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Circulation. 2001 Jan 30;103(4):513-9.

Hyperinsulinemia and autonomic nervous system dysfunction in obesity: effects of weight loss.

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Metabolism Unit and Coronary Division, CNR Institute of Clinical Physiology, and Department of Internal Medicine, University of Pisa, Pisa, Italy.



Because hyperinsulinemia acutely stimulates adrenergic activity, it has been postulated that chronic hyperinsulinemia may lead to enhanced sympathetic tone and cardiovascular risk.


In 21 obese (body mass index, 35+/-1 kg/m(2)) and 17 lean subjects, we measured resting cardiac output (by 2-dimensional echocardiography), plasma concentrations and timed (diurnal versus nocturnal) urinary excretion of catecholamines, and 24-hour heart rate variability (by spectral analysis of ECG). In the obese versus lean subjects, cardiac output was increased by 22% (P:<0.03), and the nocturnal drop in urinary norepinephrine output was blunted (P:=0.01). Spectral power in the low-frequency range was depressed throughout 24 hours (P:<0.04). During the afternoon and early night, ie, the postprandial phase, high-frequency power was lower, heart rate was higher; and the ratio of low to high frequency, an index of sympathovagal balance, was increased in direct proportion to the degree of hyperinsulinemia independent of body mass index (partial r=0.43, P:=0.01). In 9 obese subjects who lost 10% to 18% of their body weight, cardiac output decreased and low-frequency power returned toward normal (P:<0.05).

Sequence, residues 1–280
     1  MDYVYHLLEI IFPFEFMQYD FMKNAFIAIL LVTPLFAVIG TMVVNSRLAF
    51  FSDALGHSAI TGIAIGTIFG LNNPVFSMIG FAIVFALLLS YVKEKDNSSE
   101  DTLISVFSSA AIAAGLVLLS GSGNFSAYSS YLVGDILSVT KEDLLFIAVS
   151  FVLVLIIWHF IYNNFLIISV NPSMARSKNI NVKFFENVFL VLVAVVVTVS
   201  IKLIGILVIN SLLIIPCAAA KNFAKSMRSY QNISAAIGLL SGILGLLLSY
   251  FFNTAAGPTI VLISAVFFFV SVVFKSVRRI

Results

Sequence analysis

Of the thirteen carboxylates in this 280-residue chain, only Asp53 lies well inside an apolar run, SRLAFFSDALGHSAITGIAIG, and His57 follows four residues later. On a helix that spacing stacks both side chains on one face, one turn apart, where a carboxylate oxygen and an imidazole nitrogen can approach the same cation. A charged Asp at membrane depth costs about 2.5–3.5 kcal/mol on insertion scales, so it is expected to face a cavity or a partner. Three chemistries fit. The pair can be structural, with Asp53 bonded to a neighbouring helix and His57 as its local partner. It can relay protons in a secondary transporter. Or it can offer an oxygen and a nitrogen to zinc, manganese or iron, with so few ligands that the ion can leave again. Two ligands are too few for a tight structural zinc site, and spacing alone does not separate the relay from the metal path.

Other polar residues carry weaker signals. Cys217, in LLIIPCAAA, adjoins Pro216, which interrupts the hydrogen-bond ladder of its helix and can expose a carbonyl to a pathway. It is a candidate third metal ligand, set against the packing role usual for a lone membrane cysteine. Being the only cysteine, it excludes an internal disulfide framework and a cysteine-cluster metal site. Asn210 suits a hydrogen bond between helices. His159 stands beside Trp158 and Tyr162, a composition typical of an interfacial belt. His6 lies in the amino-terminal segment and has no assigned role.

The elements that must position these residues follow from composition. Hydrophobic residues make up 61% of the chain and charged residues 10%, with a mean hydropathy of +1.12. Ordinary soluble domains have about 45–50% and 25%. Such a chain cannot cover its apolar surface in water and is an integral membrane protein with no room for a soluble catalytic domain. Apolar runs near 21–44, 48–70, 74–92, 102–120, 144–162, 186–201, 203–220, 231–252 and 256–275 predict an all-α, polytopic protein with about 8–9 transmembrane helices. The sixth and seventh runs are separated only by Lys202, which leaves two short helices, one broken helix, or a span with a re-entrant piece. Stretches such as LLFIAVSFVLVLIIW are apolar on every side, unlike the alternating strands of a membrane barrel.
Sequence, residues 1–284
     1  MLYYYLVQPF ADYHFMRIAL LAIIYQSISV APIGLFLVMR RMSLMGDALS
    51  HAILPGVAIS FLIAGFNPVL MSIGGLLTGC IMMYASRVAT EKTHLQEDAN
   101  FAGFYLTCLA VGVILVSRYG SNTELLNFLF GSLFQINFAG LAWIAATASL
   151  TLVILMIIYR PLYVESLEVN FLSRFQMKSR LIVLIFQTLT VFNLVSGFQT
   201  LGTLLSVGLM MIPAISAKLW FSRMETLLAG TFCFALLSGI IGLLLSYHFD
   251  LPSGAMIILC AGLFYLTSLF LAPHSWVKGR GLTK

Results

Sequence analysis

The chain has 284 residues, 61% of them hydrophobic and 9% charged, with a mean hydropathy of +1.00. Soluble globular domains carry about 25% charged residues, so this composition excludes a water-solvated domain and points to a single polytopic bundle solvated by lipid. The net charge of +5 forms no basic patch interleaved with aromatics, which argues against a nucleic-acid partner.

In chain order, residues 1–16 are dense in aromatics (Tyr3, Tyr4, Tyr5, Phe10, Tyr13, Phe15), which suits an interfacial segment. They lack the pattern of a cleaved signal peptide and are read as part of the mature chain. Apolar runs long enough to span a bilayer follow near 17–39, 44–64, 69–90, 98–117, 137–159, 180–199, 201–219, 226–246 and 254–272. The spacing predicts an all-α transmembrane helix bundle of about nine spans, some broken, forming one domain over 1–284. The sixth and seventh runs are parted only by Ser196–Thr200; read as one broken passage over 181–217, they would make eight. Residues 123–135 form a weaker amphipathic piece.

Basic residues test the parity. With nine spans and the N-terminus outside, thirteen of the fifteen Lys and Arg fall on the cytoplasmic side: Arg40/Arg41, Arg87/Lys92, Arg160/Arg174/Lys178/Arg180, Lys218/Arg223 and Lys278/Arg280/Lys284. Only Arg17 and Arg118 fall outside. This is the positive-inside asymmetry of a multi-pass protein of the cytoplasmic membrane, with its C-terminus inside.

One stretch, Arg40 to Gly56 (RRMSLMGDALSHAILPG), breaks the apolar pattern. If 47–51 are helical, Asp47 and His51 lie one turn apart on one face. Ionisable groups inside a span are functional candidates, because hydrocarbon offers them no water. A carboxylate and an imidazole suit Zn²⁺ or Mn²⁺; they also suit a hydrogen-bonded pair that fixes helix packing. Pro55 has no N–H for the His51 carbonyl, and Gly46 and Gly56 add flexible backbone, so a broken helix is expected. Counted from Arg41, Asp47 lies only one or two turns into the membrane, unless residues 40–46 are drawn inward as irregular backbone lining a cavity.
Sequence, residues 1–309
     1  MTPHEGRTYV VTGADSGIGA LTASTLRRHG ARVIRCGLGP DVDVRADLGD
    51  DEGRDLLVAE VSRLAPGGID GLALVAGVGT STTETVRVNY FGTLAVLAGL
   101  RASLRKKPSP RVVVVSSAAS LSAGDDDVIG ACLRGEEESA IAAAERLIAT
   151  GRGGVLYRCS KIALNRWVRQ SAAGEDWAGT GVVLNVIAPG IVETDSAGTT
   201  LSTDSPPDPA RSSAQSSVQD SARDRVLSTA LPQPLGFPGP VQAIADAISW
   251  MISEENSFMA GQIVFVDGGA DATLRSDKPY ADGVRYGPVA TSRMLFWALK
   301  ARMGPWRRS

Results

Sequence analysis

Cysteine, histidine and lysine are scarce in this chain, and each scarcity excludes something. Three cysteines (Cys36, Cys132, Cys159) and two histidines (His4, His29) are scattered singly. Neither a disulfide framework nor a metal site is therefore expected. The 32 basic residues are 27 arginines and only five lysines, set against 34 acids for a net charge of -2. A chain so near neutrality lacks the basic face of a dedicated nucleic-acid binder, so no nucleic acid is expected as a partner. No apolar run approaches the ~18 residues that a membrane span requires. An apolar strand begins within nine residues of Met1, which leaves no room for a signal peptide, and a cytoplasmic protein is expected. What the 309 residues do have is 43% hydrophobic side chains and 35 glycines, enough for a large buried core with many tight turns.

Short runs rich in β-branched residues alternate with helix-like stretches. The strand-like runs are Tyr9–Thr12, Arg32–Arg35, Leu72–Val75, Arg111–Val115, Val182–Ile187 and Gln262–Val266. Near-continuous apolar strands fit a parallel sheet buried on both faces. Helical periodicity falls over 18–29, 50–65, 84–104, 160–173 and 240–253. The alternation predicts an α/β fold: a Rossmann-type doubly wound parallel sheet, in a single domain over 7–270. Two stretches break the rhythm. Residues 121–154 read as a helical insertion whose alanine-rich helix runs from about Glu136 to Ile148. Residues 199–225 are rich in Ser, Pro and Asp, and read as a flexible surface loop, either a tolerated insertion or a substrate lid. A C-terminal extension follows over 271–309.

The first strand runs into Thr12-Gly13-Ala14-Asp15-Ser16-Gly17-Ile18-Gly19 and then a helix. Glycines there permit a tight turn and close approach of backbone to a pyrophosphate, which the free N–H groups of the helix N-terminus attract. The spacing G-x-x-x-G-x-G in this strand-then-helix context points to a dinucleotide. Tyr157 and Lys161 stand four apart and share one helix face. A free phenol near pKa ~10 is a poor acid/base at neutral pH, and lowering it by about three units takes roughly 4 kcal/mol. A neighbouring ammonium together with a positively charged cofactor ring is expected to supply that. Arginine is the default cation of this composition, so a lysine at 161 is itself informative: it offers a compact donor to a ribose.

In free-living subjects with uncomplicated obesity, chronic hyperinsulinemia is associated with a high-output, low-resistance hemodynamic state, persistent baroreflex downregulation, and episodic (postprandial) sympathetic dominance. Reversal of these changes by weight loss suggests a causal role for insulin.

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